5 Ways to Hook a Business Book Reader

I’m a fan of books.  I surround myself with books and I must admit that I felt a touch of sadness when I read thatBorders filed Chapter 11 proceeding with plans to close 275 stores.  I love my Kindle and have even played around with an e-reader on my iPhone, but I still love to hold a book.  One question I’m often asked is what business book should I be reading.  I have a list I share but more recently started talking about categories of business books.  Everyone connects with books in different ways so I’ve begun to talk about the following categories of business books.

  1. Books that are well researched, have an academic feel and discuss shifting trends in the marketplace.  Authors like John Kotter, Jim Collins and Warren Bennis come to mind.  I like these books because they stand the test of time.
  2. Other business books are fables and share earthly truths through the life and times of a well-worn business executive.  Authors such as Spencer Johnson, Patrick Lencioni and Matthew Kelly are three terrific examples.  I enjoy these fables because I believe we learn by stories and a great story can communicate much more than a graph or spreadsheet.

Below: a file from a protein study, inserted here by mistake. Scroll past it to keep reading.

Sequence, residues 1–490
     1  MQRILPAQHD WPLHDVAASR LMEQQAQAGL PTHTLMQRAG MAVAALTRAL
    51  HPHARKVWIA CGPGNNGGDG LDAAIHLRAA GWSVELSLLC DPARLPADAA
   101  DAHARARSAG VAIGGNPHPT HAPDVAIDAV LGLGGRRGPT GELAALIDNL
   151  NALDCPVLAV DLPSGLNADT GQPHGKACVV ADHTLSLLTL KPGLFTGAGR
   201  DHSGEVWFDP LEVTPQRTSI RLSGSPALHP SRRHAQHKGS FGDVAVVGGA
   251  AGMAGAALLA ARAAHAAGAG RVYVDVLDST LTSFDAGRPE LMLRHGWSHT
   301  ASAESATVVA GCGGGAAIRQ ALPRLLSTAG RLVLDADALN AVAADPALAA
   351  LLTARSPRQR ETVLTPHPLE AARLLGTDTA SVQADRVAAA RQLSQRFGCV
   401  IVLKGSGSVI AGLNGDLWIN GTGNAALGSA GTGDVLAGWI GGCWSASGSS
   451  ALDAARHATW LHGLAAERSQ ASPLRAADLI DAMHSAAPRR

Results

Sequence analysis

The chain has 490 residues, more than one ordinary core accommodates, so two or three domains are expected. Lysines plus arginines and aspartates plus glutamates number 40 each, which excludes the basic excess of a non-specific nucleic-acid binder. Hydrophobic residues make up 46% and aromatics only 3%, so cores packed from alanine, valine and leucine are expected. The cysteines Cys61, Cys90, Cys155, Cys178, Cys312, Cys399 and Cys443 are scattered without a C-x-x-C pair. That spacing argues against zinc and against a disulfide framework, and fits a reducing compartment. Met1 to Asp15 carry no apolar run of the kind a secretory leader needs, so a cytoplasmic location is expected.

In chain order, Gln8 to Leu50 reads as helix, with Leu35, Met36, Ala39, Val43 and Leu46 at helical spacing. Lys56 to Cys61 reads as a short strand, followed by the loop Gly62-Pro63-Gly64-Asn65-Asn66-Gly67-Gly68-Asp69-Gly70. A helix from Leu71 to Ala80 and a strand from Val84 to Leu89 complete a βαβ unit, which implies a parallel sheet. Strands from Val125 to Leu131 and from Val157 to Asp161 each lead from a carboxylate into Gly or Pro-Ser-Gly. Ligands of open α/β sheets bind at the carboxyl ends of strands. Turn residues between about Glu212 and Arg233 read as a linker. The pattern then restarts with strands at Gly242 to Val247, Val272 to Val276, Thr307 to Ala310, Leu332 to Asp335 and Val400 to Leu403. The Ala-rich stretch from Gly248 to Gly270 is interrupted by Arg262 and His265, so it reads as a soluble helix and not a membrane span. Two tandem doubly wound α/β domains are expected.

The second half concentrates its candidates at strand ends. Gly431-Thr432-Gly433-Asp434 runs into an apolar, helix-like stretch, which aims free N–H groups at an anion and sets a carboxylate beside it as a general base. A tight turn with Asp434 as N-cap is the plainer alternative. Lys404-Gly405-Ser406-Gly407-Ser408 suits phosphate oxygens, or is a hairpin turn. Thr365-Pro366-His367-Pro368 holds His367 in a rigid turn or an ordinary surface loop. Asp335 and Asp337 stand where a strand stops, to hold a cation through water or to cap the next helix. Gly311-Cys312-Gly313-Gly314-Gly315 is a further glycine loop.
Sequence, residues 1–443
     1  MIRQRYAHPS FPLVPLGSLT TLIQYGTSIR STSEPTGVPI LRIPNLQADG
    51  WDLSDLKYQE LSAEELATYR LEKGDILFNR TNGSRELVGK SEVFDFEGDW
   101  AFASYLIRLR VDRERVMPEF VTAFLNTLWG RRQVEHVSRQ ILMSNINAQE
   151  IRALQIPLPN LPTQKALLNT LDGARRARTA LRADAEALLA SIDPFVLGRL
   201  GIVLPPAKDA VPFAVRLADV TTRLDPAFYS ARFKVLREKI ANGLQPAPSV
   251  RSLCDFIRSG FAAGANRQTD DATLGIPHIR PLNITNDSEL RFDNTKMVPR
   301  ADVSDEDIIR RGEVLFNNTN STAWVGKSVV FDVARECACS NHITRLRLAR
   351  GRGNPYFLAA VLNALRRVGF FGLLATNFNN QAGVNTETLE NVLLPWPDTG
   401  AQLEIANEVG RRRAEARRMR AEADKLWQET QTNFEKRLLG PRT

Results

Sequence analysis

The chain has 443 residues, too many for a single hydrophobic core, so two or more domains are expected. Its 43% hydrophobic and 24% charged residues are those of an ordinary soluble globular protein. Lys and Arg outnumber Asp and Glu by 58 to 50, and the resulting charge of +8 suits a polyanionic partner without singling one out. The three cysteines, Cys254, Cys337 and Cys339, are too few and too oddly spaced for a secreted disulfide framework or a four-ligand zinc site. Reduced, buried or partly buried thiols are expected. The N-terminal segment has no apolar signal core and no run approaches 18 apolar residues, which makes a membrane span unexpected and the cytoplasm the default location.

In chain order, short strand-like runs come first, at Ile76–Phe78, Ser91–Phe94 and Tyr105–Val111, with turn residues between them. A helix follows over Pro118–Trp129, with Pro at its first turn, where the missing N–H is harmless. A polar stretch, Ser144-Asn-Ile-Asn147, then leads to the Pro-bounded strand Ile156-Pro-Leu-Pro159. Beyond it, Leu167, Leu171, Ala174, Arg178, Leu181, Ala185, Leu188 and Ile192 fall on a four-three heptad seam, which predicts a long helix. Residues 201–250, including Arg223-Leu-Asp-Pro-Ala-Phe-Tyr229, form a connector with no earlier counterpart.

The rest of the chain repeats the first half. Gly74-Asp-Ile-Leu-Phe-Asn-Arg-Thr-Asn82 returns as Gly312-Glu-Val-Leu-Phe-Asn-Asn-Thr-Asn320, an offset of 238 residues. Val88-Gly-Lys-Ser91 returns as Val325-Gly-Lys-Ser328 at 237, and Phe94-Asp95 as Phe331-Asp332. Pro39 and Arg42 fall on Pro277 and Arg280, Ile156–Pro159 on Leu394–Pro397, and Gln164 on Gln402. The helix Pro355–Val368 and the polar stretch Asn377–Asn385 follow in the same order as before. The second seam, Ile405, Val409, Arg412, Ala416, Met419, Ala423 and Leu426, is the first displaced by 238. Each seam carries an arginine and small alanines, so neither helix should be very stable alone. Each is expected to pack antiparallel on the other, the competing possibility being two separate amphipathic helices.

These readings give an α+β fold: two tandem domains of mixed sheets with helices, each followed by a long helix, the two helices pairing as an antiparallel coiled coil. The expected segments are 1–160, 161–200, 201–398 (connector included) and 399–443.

3. Still other business books fit into the “been there done that” category of successful CEOs.  Jack Welsh, Bill Gates, Larry Bossidy, Michael Dell and Andy Grove fit that category well.  Walking in the shoes and hanging out in the grey matter of industry giants can shape our behavior and further develop our habits (good and bad).
  4. Another category helps us discover new ways of implementing older ideas.  These are normally process or method driven books and are especially useful in providing leaders a new approach for tackling their current challenges.  Ken Blanchard and Stephen Covey are perhaps the best known in this category and others like Erika Andersen and Chris McGoff should be.
  5. Finally there is the “lots of good stuff crammed into 180 pages” category.  I also call these airplane reads because I can normally knock them out in a few fours.  There is not always a cohesive direction, but they are loaded with wisdom and guidance.  Tom Peters, Malcom Gladwell, Daniel Pink and Seth Godin books generally fall into this category.  The trick is developing the discipline to implement just of few of the pieces of gold you can find from these authors.

To get hooked yourself or to hook someone in your organization on business books, find the category that will match their personality best.  It’s not unlike appreciating wines.  When you first started to drink wines, everyone in your dorm or apartment drank white zinfandel.  Twenty years later you find yourself drinking a heavy cab on your back deck.  It just takes time!

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